The author admits a harsh exterior as a defense mechanism but at her core is a caring and witty doctor who has a very tough job to do. There was a time during the reading of this book where I almost gave up in disgust of her attitude but I am glad I continued reading because I witnessed her maturity evolving during the nine years of working weekends as a shrink at Bellevue. The self awareness and addressing of her issues were vast and impressive to me and made me realize that our mindsets are subject to change and we are all going through painful lessons and learning through life experience. Plus I lived vicariously through Julie as she shared her cases and how she dealt with them and how it altered her. Amazing transformation and recommended for all emergency service workers dealing with psychiatry.
This is a shameful and unrepresentative depiction of mental health professionals. The author is hostile, callous, and belittling toward her patients. As someone who has worked in the industry (both outpatient and inpatient settings), I was really excited about this book. Instead of being a series of insights into people struggling with mental illness in a major urban hospital, the book was more revealing of the author's profoundly disrespectful attitude toward her patients, and people with mental illness more generally. She herself admits to being rude, antagonistic, and flippant toward them. She even seeks her own mental health treatment to address this attitude. I expected that over the course of the book, she would make some sort of attitudinal and behavioral change, so I kept reading. It never happens. She treats people seeking help as "them," separate from the "us" that ostensibly includes herself, the staff, and most of her friends (and implies the reader is also among this group). Given that 25% of the country's population will experience major depression alone in their lifetime, she clearly needs to rethink this.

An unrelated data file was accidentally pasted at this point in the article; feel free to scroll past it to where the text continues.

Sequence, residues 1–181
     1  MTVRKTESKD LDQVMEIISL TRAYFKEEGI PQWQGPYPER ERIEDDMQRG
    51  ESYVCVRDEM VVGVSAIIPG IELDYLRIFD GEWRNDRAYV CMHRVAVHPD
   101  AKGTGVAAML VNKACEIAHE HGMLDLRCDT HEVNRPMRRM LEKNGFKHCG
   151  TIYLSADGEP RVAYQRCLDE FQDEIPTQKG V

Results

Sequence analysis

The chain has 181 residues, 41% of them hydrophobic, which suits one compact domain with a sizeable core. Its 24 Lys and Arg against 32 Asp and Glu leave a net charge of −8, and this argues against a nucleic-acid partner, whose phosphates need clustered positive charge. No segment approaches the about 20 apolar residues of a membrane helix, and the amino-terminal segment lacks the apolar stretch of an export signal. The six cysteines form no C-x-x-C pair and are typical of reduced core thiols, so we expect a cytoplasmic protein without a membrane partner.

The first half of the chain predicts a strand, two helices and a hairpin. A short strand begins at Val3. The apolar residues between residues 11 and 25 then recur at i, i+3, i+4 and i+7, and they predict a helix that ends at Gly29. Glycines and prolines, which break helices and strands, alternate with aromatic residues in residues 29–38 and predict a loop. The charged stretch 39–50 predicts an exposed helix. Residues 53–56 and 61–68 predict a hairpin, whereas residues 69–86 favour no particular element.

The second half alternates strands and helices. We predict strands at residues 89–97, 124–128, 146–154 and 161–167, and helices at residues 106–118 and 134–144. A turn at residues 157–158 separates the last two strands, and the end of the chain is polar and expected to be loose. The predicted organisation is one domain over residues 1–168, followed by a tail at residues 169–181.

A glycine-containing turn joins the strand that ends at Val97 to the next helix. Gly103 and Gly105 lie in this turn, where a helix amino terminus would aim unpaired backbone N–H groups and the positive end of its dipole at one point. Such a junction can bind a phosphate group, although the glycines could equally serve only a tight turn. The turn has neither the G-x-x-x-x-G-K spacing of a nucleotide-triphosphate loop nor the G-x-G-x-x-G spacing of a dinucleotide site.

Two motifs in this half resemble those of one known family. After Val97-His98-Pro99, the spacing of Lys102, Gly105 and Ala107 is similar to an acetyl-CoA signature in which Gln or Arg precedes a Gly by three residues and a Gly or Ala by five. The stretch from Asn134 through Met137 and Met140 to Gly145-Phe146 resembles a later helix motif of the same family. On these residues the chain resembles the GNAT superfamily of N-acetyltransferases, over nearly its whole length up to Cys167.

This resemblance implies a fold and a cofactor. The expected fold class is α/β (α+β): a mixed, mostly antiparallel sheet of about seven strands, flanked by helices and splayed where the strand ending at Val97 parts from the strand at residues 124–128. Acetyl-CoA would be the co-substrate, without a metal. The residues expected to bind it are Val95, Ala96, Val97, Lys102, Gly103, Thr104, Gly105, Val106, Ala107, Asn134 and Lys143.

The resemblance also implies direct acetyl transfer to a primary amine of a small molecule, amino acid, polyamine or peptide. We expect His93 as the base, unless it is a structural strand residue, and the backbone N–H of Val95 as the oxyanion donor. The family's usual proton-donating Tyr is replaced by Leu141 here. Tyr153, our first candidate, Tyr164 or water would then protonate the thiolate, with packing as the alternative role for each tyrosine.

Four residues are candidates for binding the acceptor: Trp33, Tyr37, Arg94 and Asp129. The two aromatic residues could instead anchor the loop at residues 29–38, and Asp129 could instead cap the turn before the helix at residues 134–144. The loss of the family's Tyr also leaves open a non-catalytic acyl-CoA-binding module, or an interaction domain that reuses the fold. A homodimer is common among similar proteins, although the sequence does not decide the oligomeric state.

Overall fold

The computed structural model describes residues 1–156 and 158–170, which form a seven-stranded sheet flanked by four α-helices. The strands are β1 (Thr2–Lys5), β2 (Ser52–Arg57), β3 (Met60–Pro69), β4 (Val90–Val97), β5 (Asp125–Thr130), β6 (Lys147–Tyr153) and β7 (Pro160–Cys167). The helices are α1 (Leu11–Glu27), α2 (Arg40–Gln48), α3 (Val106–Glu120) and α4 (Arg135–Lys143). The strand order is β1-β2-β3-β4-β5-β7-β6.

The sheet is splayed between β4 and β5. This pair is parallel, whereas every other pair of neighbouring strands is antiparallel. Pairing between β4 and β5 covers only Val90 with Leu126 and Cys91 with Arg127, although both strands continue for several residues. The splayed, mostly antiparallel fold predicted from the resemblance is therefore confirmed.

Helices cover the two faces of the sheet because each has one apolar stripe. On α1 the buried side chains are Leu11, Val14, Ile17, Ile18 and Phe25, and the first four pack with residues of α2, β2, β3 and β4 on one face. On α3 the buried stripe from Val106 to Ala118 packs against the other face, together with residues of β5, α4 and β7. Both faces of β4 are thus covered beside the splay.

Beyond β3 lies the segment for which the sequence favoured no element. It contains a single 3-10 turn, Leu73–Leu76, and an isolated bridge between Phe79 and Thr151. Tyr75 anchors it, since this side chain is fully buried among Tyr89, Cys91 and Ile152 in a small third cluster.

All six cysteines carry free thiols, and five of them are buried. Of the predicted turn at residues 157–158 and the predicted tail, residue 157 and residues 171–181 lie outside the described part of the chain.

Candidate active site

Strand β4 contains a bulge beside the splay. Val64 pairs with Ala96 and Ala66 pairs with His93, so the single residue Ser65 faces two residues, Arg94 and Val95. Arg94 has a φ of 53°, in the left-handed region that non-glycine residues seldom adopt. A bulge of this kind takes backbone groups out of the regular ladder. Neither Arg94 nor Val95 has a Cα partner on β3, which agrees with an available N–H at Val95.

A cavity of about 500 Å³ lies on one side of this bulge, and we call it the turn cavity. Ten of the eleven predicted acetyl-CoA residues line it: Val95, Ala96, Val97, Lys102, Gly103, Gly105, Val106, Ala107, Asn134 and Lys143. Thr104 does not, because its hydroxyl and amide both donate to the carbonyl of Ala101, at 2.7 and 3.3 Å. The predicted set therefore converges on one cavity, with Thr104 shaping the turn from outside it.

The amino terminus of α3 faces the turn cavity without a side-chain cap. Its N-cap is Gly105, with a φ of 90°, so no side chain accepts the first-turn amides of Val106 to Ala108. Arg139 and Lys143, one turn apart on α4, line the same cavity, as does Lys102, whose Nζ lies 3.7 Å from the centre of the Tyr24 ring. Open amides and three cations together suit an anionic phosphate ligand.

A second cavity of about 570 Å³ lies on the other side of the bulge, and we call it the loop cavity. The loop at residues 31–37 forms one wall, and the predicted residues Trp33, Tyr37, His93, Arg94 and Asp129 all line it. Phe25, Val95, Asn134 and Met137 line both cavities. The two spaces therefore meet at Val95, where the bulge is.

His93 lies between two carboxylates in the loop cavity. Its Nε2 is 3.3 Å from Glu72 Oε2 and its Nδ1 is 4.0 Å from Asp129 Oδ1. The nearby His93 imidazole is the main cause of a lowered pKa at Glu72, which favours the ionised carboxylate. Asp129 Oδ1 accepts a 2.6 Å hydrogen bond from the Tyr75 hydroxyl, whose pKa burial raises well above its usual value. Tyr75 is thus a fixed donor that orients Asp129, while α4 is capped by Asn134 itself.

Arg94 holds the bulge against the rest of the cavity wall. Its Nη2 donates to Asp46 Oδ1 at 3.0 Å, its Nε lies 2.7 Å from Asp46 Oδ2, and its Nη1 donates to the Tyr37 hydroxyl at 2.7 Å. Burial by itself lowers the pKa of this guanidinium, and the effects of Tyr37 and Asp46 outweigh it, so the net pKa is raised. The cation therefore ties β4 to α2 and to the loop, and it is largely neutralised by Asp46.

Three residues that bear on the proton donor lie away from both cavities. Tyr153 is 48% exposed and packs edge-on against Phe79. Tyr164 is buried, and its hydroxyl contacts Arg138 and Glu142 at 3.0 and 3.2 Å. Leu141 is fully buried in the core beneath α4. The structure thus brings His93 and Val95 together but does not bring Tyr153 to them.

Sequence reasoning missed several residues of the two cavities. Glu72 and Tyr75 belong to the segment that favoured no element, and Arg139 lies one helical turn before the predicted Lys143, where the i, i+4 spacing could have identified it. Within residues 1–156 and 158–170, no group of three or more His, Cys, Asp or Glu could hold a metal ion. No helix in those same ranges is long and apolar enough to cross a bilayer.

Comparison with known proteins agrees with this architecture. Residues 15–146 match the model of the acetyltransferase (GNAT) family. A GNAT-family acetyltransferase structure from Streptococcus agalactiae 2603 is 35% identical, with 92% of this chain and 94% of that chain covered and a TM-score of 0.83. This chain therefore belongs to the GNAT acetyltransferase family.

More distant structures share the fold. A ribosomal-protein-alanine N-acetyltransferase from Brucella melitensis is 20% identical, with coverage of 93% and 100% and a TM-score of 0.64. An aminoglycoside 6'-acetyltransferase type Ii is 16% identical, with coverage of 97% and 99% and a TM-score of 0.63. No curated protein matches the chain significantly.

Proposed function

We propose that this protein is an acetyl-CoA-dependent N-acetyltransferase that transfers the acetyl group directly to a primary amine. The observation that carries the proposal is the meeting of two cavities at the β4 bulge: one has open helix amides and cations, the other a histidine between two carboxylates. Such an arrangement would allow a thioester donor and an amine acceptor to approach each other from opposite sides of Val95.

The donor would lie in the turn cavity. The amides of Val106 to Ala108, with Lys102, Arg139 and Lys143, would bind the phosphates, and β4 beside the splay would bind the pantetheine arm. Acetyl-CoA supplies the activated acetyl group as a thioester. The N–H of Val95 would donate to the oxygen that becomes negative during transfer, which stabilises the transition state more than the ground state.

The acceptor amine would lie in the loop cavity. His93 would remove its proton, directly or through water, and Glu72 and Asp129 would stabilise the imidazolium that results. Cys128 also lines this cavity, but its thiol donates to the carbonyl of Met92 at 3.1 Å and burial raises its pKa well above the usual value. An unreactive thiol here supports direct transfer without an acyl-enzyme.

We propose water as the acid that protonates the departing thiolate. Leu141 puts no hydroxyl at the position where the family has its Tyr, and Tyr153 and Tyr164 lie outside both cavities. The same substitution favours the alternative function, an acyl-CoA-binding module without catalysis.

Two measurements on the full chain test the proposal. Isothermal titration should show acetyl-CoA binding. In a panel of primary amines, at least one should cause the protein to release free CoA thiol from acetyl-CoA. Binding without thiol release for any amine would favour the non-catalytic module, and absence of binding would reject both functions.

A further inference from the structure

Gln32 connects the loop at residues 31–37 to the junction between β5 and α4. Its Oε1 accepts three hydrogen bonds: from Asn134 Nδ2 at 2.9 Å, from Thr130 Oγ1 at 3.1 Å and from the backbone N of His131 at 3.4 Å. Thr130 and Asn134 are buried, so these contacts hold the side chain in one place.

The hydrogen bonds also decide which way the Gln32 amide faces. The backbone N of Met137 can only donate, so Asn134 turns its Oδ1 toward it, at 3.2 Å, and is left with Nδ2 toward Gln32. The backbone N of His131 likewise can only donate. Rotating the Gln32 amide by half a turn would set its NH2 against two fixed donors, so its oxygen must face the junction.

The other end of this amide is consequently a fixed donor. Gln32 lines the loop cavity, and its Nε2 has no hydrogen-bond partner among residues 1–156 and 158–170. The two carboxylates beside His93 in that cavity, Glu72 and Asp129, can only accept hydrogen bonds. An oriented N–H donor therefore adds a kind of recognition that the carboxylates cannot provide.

Further, she approaches her patients as malingerers and proudly turns them away from the emergency room. Her attitude is hostile and celebrates demeaning people at their most vulnerable. Again, she admits all this and pays lip service to the need to get help, but her tone never changes.
She should not work in the industry, let alone write a book about it. I was disgusted by the author's attitude and humor at the patients' expense. I can't imagine how her staff must have felt working under her. The only way in which this book is brave and honest is in its unintentional reflection of the author's profound lack of empathy and unfitness for her profession. She should have been a police officer or detective, instead, where her suspicious nature would have worked in her benefit. I hope directors of psychiatric training will read this book and work to root out this kind of attitude in their trainees before they're allowed to interact with patients.
Really interesting book. Insightful look into the Bellevue psych ward.
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